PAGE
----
From reading an interesting technique to hide webshell shared on a blog recently, I decided to review all the employed techniques so far. Along with this, all detecting technologies updated constantly in webshell search engines were also reconsidered. Then, from my point of view, I came up with a solution to this interesting webshell hiding technique.
At first, hackers often put webshell directly on server. However, the tools with webshell’s checksums can quickly complete the detection. Then, a number of technical improvements are used:
- Encrypt webshell, use functions in PHP to cheat detection tools such as overturn –strrev(), split string base64_decode (Variable Function – PHP required) or pack($format,$args) etc.
- Insert code through _GET or _POST fields, combining with obfuscation technique.
- Steganography: Hide code in normal files (image file, video file, etc.) and call execution.
Later, these measures could be blocked by some detection tools developed from NeoPI script. These tools when being updated can check GET AND POST requests. Also, they have scanning engine to detect obfuscated and encrypted contents in files or to examine dangerous-rated PHP functions which are often used by webshell.
Currently, these tools just give warning about the risk of webshell existence, not a complete detection. Still, their warnings are impressive.
WebshellDetection scans and gives the warning
Recently appears a new technique which can bypass current detection tools. It improves webshell hiding by using steganography code in Exif image file format combined with a trick in PHP function.
There are two interesting features in this technique:
- Edit header in Exif image file.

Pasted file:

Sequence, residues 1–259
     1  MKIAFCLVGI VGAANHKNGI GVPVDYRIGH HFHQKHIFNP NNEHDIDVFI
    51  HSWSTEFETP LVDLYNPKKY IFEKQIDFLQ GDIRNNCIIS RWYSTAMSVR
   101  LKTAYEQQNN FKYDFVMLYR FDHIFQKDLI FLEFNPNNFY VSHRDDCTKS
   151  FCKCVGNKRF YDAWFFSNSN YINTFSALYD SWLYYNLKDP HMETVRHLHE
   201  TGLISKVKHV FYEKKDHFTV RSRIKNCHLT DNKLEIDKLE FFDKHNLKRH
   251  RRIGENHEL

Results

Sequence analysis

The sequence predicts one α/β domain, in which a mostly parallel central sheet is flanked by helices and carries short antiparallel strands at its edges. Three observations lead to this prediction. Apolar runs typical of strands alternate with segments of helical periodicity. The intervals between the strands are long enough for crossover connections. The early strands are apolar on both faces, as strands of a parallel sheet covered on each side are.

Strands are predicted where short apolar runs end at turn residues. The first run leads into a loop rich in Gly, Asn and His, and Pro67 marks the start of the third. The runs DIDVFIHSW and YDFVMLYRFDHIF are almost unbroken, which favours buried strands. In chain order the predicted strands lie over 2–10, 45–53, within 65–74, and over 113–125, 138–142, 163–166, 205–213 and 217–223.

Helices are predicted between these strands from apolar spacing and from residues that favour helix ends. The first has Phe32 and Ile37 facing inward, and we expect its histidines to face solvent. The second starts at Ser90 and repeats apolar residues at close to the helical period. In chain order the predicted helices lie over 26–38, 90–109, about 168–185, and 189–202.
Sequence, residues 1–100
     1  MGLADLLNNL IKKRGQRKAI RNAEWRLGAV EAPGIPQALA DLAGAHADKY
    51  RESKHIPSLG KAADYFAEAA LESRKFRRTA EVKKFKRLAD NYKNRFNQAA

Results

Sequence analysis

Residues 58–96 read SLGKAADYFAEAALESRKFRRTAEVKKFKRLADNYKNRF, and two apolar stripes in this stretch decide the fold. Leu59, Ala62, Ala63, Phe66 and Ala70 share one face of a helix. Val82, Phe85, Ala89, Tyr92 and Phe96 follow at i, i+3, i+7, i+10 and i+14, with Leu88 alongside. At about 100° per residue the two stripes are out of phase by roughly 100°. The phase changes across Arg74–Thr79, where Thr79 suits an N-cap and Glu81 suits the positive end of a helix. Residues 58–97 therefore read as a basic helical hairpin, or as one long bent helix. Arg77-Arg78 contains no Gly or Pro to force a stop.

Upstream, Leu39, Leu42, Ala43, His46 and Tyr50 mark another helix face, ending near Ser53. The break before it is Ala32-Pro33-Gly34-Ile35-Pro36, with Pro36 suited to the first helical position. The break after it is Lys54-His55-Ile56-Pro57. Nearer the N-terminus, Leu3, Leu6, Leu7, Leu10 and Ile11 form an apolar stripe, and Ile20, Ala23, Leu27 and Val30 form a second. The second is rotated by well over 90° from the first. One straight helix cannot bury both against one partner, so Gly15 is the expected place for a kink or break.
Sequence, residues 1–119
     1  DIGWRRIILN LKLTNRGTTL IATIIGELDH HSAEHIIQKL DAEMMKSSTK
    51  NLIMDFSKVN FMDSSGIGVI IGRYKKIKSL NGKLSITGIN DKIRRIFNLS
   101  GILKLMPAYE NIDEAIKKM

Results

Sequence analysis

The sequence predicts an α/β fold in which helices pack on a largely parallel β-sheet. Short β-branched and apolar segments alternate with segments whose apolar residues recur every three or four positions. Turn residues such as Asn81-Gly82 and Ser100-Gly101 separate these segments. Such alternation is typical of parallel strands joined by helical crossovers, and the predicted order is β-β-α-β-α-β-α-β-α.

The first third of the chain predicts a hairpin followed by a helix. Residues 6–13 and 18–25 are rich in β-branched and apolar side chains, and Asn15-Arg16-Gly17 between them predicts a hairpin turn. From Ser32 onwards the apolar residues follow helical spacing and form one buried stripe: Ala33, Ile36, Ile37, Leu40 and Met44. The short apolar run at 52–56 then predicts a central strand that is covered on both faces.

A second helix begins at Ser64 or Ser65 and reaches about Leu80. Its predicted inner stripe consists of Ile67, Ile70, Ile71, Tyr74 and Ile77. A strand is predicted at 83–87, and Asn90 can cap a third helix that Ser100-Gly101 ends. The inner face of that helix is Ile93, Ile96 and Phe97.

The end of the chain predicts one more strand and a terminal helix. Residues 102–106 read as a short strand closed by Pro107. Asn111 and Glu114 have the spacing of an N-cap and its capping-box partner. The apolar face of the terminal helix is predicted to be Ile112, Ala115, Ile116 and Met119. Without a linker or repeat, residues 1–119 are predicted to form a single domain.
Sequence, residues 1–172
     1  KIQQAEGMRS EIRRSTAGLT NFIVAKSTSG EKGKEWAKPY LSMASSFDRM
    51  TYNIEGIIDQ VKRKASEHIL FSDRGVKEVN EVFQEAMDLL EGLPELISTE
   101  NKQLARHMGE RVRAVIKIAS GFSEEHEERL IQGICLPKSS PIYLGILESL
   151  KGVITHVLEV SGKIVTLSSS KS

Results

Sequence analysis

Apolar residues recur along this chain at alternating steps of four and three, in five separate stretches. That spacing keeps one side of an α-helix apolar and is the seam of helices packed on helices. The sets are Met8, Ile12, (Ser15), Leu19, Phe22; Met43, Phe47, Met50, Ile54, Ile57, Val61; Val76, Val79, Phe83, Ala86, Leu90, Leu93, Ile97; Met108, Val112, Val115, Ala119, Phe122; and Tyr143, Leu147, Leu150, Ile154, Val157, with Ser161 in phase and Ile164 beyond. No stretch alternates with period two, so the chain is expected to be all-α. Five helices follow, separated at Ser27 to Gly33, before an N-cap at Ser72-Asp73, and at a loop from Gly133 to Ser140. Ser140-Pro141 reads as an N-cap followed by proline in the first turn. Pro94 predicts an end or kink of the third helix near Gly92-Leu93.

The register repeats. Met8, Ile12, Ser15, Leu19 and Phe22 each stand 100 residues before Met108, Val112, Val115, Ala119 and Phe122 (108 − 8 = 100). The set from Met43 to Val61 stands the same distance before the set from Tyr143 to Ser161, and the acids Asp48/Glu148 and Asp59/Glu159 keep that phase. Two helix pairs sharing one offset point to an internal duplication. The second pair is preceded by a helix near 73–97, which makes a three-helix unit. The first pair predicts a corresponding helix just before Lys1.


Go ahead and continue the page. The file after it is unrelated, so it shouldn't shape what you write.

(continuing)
In a .jpg image file with Exif format (generated by digital camera), metadata helps to save the image’s information. However, these details are not restricted in storage size. Taking advantage of this, some tags in metadata can be changed to save webshell.
Before and after metadata tags modified
- Playing trick with the handling of preg_replace() of PHP
After the saving is completed, hacker can execute this webshell by using 2 simple functions in PHP :
$exif = read_exif_data(“tests/image.jpg”);
read_exif_data() enables the reading of information in header of Exif image file.
preg_replace() enables the finding and replacing of strings content.
Particularly, when parameter
$pattern takes the form
$subject ) will transform into eval() and its function is not only ‘find and replace’ anymore.
Therefore, when parameter for preg_replace() has the form
with headers “‘Artist’”= ”/.*/e” and “‘Copyright’” = “ eval(base64_decode(‘ /*webshell-encoded*/ ’)) the above function will be equal toeval(base64_decode(‘’)) which is used to execute webshell.
Therefore, by playing trick with preg_replace() function, this technique can entirely cheat all detection tools because it does not make a direct call to eval().
Testing on some current open-source tools has revealed that the tools cannot detect webshell hidden by the technique described above. This is due to the employment of functions considered harmless to cheat webshell detection tools.
The most feasible solution to deal with this technique currently is to addpreg_replace() to the list of suspicious functions. However, this solution only has limited effects because hackers can change code to hide the use of preg_replace().
With Steganography code, metadata checking mechanisms should be added to find suspicious signs of webshell. This is my little tool which is written in PHP and can be used to check header in Exif file as well as to give warning to users: Scank.php
Do Dac Khanh